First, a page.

We know that quantum computing is coming and that it will have significant impacts for encryption protocols. Let’s discuss how much stronger our existing encryption standards need to become to be considered secure in a post-quantum computing (post-QC) world.
Much of the communication that occurs over the Internet today—anything that relies on SSL/TLS—is dependent on asymmetric encryption algorithms, such as Elliptic Curve Cryptography (ECC), RSA, or finite field operations such as Diffie-Hellman (DH), to ensure security. To determine just how strong that security is in a pre-QC world, we measure against the strength of the block cipher. Table 2 from the NIST Recommendation for Key Management1 is the definitive guide here (some variations of this table are possible, but in general they look like this one):
Observe that "standard security," which is AES-128, corresponds to RSA 3072 ("3K"). The next level of security that's most often used is P-384 (current Suite B) / AES-192 or AES-256 / Ed448-Goldilocks,2 and it corresponds to 7.6K – 15K RSA keys. The RSA key length does not scale linearly with security strength. It's incorrect to say that a 4K RSA key is 33% stronger than a 3K RSA key—it's actually much less so. In addition, a rule of thumb is that the performance impact of the longer length is quadratic at least, therefore, for 30% longer RSA keys, we should expect to pay at least a 70% performance penalty. In essence, when increasing key length, security strength increases slower than key length, while performance costs increase faster than key length.
The threat of quantum computers arriving sooner than expected3 somehow clouds this picture. The confusion comes from the idea that ECC will fall a bit sooner than RSA because one can use a QC with fewer qubits, and, therefore, RSA is stronger than ECC, but this is a small advantage in the era of QCs. The need for longer RSA keys comes from existing attacks using old, known algorithms, such as index calculus. RSA is equally broken by a QC at essentially similar effort.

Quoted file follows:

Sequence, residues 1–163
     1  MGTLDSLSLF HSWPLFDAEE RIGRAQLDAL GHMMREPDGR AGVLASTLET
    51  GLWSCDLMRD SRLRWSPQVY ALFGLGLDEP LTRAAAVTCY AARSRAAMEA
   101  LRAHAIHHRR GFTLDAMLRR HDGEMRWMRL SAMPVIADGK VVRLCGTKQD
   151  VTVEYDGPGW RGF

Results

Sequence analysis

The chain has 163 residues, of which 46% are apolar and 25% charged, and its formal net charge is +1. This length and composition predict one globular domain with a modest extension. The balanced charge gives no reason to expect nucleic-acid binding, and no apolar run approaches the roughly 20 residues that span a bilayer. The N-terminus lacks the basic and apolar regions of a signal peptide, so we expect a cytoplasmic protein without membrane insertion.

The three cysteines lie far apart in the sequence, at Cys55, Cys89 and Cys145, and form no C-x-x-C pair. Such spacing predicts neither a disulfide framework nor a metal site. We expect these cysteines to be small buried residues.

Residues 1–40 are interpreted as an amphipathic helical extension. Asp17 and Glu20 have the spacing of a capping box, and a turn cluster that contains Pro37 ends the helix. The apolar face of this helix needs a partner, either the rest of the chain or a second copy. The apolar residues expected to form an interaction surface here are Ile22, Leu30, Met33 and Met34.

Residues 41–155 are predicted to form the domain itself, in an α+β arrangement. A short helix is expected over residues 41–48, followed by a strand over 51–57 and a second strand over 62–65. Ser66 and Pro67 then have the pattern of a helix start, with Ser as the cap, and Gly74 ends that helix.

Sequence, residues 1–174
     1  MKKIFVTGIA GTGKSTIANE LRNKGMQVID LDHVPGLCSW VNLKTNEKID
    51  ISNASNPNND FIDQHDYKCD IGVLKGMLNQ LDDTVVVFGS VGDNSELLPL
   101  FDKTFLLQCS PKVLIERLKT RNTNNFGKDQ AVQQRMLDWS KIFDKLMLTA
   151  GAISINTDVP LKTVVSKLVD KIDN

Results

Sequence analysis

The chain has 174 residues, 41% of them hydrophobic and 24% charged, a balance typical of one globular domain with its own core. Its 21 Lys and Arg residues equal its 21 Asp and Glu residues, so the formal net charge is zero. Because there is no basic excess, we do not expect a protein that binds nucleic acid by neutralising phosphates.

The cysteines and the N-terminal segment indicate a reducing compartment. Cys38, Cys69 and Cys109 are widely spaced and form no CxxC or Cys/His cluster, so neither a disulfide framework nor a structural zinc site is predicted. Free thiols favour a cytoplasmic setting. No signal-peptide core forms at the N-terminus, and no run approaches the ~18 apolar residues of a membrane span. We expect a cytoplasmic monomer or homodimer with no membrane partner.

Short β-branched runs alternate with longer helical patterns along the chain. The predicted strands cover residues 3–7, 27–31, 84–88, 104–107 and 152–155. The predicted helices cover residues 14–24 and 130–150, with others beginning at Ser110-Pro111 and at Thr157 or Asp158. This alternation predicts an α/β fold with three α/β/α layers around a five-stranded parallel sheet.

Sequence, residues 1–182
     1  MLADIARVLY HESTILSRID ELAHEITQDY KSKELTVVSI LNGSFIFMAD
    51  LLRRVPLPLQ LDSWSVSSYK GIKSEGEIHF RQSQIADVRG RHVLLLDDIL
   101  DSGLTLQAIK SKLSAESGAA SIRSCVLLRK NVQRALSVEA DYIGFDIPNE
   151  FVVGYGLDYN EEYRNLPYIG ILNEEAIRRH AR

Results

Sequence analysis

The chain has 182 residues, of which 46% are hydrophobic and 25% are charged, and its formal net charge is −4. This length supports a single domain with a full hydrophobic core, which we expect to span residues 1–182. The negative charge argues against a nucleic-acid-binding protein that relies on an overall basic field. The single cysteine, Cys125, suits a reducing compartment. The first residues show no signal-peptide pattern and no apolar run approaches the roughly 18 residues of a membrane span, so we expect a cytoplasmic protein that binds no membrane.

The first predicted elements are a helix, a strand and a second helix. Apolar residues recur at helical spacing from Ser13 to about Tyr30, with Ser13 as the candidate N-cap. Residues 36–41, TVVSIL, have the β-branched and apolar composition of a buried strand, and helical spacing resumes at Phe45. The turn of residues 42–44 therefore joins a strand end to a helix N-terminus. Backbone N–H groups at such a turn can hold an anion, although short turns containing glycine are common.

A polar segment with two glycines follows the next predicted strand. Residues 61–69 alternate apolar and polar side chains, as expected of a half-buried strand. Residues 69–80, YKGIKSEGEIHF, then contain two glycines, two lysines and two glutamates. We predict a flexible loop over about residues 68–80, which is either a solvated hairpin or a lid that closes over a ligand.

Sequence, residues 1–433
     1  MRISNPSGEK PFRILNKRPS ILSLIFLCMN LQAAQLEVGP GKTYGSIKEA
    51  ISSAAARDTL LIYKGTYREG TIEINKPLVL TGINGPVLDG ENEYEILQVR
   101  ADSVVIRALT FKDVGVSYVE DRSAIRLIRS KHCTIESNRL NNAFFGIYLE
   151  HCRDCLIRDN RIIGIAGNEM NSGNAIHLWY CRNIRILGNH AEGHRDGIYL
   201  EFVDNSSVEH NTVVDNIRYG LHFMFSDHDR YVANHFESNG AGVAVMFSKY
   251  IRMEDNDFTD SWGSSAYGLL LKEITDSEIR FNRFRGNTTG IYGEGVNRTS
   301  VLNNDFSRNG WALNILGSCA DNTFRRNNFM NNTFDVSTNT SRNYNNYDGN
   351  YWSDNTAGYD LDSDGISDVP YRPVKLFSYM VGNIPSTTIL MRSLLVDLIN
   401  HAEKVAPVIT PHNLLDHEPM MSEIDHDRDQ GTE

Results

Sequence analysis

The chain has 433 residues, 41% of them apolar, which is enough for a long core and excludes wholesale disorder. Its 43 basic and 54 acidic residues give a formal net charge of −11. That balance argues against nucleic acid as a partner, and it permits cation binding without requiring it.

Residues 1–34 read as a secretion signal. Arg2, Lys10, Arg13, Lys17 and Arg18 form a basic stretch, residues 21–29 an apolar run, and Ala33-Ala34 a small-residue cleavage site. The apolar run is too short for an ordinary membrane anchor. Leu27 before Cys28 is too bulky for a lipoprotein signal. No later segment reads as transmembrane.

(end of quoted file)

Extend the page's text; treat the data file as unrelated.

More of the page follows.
The bottom line is that there is no material difference between 3K and 4K RSA keys for "standard" security level (of AES-128 strength, non-QC security). To get "strong" (non-QC) security, one needs to use large RSA sizes starting from 7K. RSA is not a QC-safe algorithm and should not be viewed as such.
Another point is that with modern protocols like TLS 1.3 or HTTP 2.0 (with TLS 1.2 or TLS 1.3), RSA is only used for authentication, which makes QC issues much less of a concern (because the previously encrypted traffic is not encrypted to the RSA keys in these cases). For this reason, anything above RSA 3K is most likely a waste even with QC, if the DH groups used to encrypt traffic are weak. To put it differently, the strength of DH groups is more of a problem than the RSA signature because this is what QC will attack.
In addition to all of this, 3K RSA keys are very slow for servers to process, and greater key sizes lead to slower communications with disproportionately small gains in security. RSA remains popular specifically because RSA encryption (but not decryption) is much faster than ECC of equivalent strength, and remains most widely supported by certificate authorities and browsers.
The unfavorable scaling of RSA key size and the threat of QC attacks against RSA mean that we will need a replacement in the post-QC era. Fortunately, NIST is currently going through a process to identify suitable algorithms that are secure against QC attack. Unfortunately, post-QC algorithms require even larger key sizes, which will be a challenge that products and protocols will need to overcome.
So, what should we do? Existing RSA encryption is inadequate for the coming post-QC world, but stronger RSA encryption leads to unacceptable performance penalties. Even if we accept the high cost of stronger RSA encryption, weak DH groups are more likely to be attacked with QC, anyway. And NIST is working on the selection of post-QC encryption algorithms, but that process is at best 5 years from completion.
The answer is to take a phased approach. SSL/TLS will be staying with the RSA, ECC, and finite field public key algorithms until large-scale quantum computers start to look more feasible than they do now. Given this reality, security architects should be planning migrations to RSA 3K/4K or ECDSA 256, just as they would have, anyway.
To read more about the NIST post-quantum algorithm selection process, see the paper “How Quantum Computing Will Change Browser Encryption."